Intuitive eating is an approach that teaches you how to create a healthy relationship with your food, mind, and body--where you ultimately become the expert of your own body. You learn how to distinguish between physical and emotional feelings, and gain a sense of body wisdom. It's also a process of making peace with food---so that you no longer have constant "food worry" thoughts. It's knowing that your health and your worth as a person do not change, because you ate a food that you had labeled as "bad" or "fattening”.
The underlying premise of Intuitive Eating is that you will learn to respond to your inner body cues, because you were born with all the wisdom you need for eating intuitively. On the surface, this may sound simplistic, but it is rather complex. This inner wisdom is often clouded by years of dieting and food myths that abound in the culture. For example, “Eat when you're hungry and stop when you're full” may sound like basic common sense, but when you have a history of chronic dieting or of following rigid “healthy” rules about eating, it can be quite difficult. To be able to ultimately return to your inborn Intuitive Eater, a number of things need to be in place—most importantly, the ability to trust yourself!This approach to food is explained in detail in a book I am currently reading, "Intuitive Eating" by Evelyn Tribole, MS, RD and Elyse Resch, MS, RD, FADA. Unfortunately, I had to stumble upon this definition through trial and error, my dietetic education, and good council. Even though I eventually came to this philosophy, a Dietician I was fortunate to know gave me this definition of normal eating that helped free me of the "dieting mentality" and steer me toward intuitive eating, long before I knew it had a term:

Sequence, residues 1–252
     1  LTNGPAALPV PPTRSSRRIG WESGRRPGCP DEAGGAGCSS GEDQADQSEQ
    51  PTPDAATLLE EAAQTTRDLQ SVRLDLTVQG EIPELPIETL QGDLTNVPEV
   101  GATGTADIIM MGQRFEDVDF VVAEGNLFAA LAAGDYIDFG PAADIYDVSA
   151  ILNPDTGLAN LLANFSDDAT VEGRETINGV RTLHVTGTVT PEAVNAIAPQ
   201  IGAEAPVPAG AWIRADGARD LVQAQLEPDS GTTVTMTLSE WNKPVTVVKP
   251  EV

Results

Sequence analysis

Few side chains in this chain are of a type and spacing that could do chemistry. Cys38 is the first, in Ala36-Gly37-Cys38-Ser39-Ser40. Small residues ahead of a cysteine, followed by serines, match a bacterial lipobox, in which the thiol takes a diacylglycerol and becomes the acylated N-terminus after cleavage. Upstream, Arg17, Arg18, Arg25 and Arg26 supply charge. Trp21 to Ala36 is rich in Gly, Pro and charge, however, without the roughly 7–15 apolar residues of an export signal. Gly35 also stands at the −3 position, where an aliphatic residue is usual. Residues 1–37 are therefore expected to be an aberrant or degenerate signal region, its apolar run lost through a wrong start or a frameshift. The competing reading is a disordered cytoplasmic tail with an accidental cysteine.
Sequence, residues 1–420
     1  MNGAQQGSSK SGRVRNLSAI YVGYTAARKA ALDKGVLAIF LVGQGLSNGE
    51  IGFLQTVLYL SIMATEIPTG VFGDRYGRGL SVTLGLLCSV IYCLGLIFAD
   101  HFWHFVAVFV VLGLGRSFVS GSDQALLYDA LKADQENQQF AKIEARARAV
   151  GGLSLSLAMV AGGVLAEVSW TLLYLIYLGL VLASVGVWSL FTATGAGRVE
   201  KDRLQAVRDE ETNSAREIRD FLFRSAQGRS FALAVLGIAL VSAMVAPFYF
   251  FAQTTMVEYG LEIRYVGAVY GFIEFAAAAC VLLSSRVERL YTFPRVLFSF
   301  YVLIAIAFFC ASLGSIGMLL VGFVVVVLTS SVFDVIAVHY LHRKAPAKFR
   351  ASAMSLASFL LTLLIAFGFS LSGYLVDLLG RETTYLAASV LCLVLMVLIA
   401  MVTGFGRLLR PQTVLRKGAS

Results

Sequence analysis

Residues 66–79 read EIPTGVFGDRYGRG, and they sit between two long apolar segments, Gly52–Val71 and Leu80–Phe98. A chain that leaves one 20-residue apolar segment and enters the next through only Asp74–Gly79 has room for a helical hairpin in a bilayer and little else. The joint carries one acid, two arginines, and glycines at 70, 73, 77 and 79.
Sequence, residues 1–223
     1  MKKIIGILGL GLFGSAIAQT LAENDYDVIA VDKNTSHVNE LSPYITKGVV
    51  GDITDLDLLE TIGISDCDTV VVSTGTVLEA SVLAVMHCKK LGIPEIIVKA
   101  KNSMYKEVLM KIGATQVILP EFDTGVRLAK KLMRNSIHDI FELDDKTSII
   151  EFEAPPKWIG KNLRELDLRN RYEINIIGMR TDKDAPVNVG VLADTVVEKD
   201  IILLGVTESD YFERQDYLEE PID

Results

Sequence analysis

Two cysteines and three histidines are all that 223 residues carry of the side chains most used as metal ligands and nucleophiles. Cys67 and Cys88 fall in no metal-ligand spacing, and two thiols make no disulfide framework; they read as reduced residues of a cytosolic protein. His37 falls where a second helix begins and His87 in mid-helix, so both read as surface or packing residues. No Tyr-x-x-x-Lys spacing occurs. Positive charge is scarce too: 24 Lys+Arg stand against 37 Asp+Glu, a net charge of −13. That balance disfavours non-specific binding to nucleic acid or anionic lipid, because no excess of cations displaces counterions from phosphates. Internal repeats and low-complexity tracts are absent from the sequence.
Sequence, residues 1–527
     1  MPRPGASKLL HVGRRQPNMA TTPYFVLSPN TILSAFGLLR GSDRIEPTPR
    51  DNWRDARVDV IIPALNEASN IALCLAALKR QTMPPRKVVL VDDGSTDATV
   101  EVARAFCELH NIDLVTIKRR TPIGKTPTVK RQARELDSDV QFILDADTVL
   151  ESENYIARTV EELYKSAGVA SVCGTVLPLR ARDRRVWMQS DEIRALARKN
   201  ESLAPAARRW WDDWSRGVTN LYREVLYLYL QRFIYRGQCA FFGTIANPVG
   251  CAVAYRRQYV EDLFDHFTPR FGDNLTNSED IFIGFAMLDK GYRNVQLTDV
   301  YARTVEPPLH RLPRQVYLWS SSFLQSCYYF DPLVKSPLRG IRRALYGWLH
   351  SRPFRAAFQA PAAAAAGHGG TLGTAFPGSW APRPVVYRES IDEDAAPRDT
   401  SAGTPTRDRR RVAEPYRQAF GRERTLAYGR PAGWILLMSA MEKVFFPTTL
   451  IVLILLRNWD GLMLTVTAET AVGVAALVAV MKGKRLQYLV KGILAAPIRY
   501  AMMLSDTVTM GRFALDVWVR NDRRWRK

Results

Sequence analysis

Definition of “Normal” Eating
Normal eating is being able to eat when you are hungry and continue eating until you are satisfied.
It is being able to choose food you like and eat it and truly get enough of it--not just stop eating because you think you should.
Normal eating is being able to use some moderate constraint on your food selection to get the right food, but not being so restrictive that you miss out on pleasurable foods.
Normal eating is giving yourself permission to eat sometimes because you are happy, sad or bored, or just because it feels good.
Normal eating is three meals a day, or it can be choosing to munch along the way.
It is leaving some cookies on the plate because you know you can have some again tomorrow or it is eating more now because they taste so wonderful when they are fresh.
Normal eating is overeating at times: feeling stuffed and uncomfortable. It is also under-eating at times and wishing you had more.
Normal eating is trusting your body to make up for your mistakes in eating.
Normal eating takes some of your time and attention, but keeps its place as only one important area of your life.
In short, normal eating is:
Flexible and varied, in response to your emotions, your schedule, your hunger and your proximity to food.
Source: Adapted from How to Get Your Kid to Eat… But not too much (pp 69-70) by Ellyn Satter